Chinese livestock vessel owner abandons ship, Filipino crew in Australia

Thirty Filipino seafarers are stranded in Australia after their employer, the owner of the livestock carrier ship Yangtze Fortune, abandoned both ship and crew.

The Australian Maritime Safety Authority (AMSA) is charging the vessel’s owner Soar Harmony Shipping of China and has detained the ship in Portland, Victoria after the company failed to pay wages to the crew and meet all other financial obligations under international maritime law.  

According to reports, Yangtze Fortune is registered under the flag of Liberia, but operated a trading route between Australia and China. The ship has been anchored near Portland since September 2022 and is now subject to an abandonment notice lodged with the International Labor Organization (ILO). The ILO has already received an abandonment notice for the crew that totals 36 crew members, 30 of whom are Filipino.

The Australian Federal Court is now looking into a case filed by commercial creditors from Singapore to recover debts owed by Soar Harmony Shipping.

Abandoned seafarers. Photo credit: ITF

Abandoned seafarers rely on support groups

The abandoned seafarers remain stranded and are now relying on the charity and compassion of maritime support groups and church organizations. They cannot return home and instead must remain with the ship as the court decides on the next course of action and until the ship’s sale is finalized. The seafarers will then be able to receive their full entitlement if the sale proceeds cover the company’s debts to creditors and the total unpaid wages.

According to Ian Bray, International Transport Workers Federation (ITF) Australian Inspectorate Coordinator, the shipping company owes the Filipino seafarers more than a quarter of a million dollars in unpaid wages.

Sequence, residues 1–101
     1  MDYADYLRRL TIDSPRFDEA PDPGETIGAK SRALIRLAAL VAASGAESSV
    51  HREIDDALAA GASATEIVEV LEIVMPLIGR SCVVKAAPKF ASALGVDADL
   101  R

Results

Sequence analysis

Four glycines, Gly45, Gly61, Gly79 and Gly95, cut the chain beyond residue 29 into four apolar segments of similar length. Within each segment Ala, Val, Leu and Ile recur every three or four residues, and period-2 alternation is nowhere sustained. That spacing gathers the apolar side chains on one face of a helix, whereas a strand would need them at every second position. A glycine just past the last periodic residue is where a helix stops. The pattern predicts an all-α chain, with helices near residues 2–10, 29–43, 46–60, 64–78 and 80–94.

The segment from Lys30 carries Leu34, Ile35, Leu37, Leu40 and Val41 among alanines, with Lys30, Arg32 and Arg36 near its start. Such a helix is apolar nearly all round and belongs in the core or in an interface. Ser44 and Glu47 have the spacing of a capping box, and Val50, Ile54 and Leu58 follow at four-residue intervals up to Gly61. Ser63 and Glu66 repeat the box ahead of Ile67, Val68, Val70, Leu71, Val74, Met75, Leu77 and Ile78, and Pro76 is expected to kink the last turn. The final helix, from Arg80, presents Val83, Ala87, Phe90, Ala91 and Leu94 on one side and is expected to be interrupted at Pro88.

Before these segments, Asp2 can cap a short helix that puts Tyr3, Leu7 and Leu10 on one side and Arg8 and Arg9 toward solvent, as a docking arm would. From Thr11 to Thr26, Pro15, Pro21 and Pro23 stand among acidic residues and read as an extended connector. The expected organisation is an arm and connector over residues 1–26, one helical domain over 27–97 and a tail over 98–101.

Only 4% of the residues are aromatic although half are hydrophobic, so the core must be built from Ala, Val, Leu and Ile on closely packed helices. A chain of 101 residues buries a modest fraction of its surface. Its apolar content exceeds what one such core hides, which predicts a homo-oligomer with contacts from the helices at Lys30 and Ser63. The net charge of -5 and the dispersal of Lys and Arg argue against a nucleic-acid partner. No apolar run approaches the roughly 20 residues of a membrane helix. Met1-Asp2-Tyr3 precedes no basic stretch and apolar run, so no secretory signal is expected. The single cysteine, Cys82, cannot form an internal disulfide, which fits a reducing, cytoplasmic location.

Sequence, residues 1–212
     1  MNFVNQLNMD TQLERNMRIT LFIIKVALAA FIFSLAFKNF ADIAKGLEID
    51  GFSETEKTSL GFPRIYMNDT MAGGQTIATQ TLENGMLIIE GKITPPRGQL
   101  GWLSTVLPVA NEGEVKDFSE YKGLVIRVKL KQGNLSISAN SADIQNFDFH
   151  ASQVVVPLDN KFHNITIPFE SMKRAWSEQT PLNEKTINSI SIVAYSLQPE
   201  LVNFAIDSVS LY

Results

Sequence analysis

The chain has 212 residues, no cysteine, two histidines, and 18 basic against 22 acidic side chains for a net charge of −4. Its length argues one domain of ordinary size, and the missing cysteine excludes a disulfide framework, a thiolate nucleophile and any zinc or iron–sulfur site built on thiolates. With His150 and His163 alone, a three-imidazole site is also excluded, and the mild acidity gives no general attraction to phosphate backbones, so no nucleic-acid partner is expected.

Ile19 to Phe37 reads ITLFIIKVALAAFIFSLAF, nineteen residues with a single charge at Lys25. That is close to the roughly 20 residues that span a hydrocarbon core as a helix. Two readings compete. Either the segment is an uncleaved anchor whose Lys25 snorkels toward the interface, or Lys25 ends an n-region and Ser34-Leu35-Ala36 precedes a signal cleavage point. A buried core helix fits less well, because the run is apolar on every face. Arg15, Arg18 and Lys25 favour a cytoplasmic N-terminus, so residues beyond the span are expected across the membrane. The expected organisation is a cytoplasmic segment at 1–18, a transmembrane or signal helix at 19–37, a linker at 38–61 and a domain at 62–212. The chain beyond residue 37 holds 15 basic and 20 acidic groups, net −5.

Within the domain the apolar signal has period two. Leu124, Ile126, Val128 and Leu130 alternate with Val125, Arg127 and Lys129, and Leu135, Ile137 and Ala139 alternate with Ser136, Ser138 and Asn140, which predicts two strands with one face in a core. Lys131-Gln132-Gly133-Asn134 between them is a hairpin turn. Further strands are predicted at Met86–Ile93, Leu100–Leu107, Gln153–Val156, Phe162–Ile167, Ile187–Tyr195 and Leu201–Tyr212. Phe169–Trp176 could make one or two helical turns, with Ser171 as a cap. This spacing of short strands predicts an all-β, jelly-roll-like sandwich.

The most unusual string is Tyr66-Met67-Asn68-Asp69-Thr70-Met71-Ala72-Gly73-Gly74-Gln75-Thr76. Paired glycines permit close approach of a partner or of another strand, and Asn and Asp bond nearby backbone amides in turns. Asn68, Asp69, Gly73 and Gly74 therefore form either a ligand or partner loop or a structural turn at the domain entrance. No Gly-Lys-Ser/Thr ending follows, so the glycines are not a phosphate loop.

Unfortunately, Bray said, the seafarers must stay with the ship even as their prospects of getting what they are owed remain dim. They stopped receiving wages in October, and even before then, they received only one-third of what they were due. Based on investigations of the ITF, the crew’s payments in August and September were made using funds that were originally meant for the seafarers’ leave entitlements. The company also used its provident fund to pay the seafarers.

The ITF has also reported that five members of the crew had been onboard the vessel for eight months, but like the rest of the seafarers aboard the Yangtze Fortune, they were unable to put aside money from their wages for savings because the company paid them in increments.

In pushing for the welfare of the seafarers, the IFT initiated talks with the crew manager, ship owner and the Flag State. Results of the negotiations for the return of the wages, however, have been so far negative. The company said there is only a slim chance they are able to pay. Even if the ship is sold at auction, there is no guarantee there is enough left over to pay the crews’ wages and all other related costs.

In the meantime, Bray also said the Yangtze Fortune represented a recurring problem in the livestock shipping industry. He said shipping companies that transport livestock have a record of failing to pay their crew. The ships themselves also often faced financial management problems.

“We believe there is an epidemic of borderline insolvency amongst the operators of these livestock ships as they repeatedly feature among the worst cases in our inspections around Australia and internationally,” Bray was quoted as saying in reports.

Yangtze Fortune. Photo credit: Joy Ships Smith Facebook Page. 

Ship to be sold, charges pending